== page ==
That being said, when he probation is up, he can apply for a waiver and go from there. He won’t graduate until at least 2013. If the military is truly his dream, he can wait until 2 years after graduation to give it another shot.
Closing line: “I just think what happened was really, really unfair.”
Sometimes, titty be tough.
Looks to me that the Army managed to ‘weed ot’ another Manning before he could do some real damage.
Sounds like father, mother and son are lamenting getting caught more than they are willing to acknowledge what junior did that night.
If a sense of right and wrong were not instilled in the young man by his parents certainly after two years in ROTC he should have known that he was in the wrong place at the wrong time with the wrong “friends” engaged in an illegal and destructive activity.
Whether he knew this and persisted or was ignorant of the expectations of a future officer makes no difference. He does not deserve either the ROTC scholarship or the honor of a commission.
Because what his son "didn't do" was caught on videotape.
The kid was not treated harshly by the justice system. They let him plead a felony down to a misdemeanor.
His real beef is with Penn State, which suspended him and led to his being kicked out of ROTC.
This wasn't some split second mistake. This guy left his apartment, drove downtown and purposefully joined a riot in progress. That is not the kind of judgment I want in an Army officer.
There is no excuse for his actions; and, I hope he and the others have to pay for the damage.
But....I would like to interject some things about the mob mentality.
I was a plebe at West Point in 1988, and the week before the Navy game was pretty crazy. Some wings of the mess hall would erupt into enormous food fights (looked like a locust storm). My company was known for initiating a ‘Jock Strap Rally’, which consisted of running around at night in nothing but tennis shoes and the supporter (yes, I participated).
And one night, a mob formed outside (after we were supposed to be in our rooms), and flipped over a car. This was a junk car, which had been placed in the area, to show us what a DUI accident looked like...but it was still a car. I was outside that night, and I could feel the ‘mob mentality’ in the air....and I saw first hand how very normal people (most of whom went on to become officers) can do stupid things in a mob. I saw lesser versions of this for my remaining 3 years there.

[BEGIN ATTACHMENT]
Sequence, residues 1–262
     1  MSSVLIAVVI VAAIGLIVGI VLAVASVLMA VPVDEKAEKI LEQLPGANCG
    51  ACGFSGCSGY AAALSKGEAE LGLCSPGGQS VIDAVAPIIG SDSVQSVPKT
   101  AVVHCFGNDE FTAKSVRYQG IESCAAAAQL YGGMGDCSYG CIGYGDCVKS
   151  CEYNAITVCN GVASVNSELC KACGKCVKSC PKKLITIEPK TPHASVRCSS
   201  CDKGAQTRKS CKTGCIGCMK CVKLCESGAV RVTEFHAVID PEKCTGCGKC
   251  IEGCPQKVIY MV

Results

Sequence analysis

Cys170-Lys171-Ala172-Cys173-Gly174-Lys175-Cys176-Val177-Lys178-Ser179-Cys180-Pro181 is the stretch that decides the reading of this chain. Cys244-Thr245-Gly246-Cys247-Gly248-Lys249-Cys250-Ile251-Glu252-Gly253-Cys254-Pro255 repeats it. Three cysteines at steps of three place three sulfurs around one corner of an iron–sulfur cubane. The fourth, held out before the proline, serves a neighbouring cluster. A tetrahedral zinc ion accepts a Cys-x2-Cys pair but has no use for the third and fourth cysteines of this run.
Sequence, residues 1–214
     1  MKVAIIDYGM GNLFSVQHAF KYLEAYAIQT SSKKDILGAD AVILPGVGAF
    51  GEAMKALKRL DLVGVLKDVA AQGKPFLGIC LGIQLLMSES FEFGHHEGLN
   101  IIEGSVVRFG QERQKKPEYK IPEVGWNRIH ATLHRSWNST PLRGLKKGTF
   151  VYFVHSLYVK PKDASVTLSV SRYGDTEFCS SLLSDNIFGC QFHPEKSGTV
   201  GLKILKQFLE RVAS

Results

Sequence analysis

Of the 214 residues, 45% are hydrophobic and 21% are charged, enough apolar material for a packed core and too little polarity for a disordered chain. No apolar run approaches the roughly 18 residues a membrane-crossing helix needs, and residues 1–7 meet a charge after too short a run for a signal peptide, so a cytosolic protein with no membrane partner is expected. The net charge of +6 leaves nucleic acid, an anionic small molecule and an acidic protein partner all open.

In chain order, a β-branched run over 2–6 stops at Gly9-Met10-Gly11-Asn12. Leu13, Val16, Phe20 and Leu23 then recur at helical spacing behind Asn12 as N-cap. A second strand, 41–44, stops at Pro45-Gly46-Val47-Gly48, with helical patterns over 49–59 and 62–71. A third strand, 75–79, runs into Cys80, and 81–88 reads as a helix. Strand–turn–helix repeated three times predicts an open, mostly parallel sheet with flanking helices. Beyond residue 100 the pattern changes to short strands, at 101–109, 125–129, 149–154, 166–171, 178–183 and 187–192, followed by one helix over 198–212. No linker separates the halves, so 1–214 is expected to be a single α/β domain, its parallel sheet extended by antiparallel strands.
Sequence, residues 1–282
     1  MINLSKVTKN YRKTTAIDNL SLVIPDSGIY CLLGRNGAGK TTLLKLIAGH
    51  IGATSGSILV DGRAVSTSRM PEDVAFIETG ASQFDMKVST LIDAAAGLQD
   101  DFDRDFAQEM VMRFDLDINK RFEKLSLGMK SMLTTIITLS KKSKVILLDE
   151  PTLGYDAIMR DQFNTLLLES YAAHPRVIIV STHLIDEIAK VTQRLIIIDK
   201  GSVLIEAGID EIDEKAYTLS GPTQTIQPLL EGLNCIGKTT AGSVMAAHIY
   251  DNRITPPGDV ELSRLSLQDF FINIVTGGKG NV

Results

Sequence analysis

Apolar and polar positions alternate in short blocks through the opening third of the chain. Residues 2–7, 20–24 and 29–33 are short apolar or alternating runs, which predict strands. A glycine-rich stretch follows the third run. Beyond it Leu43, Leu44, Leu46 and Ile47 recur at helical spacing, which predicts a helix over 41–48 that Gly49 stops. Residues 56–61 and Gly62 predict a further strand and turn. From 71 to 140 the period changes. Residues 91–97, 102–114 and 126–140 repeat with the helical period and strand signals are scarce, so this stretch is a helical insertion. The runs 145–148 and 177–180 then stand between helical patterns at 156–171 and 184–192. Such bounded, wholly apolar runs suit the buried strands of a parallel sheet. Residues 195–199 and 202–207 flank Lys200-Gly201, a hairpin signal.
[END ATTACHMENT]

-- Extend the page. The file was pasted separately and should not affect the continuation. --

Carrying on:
So, this guy did act criminaly...and this riot was a little more ‘dangerous’ (I saw rocks and bottles being thrown)...and there is no excuse. But what would I do with him as far as ROTC is concerned? Maybe make him repeat a year of the program, and perhaps make him give instruction to others on the subject.
We had people get DUI’s at West Point, and some were allowed to repeat a year, and still get a commission...because nobody can be perfect all of the time.
Army Officers get paid to make THE RIGHT split-second decision.
On the bright side, the guy can look back upon his life, knowing he destroyed it while rioting for a guy that protected a pedophile, for his own personal gain.
Karma can be a real b**ch
Why do I get the impression that he’s more disappointed that he lost his free academic ride than losing a chance to go to Afghanistan and be in a real riot where the cops don’t break it up and prevent him from actually getting hurt, house him in a warm safe jail and treat him with overwhelming respect in court?
You're 21, son. Act like you've got a pair.
Akin. This guy is just a younger Akin.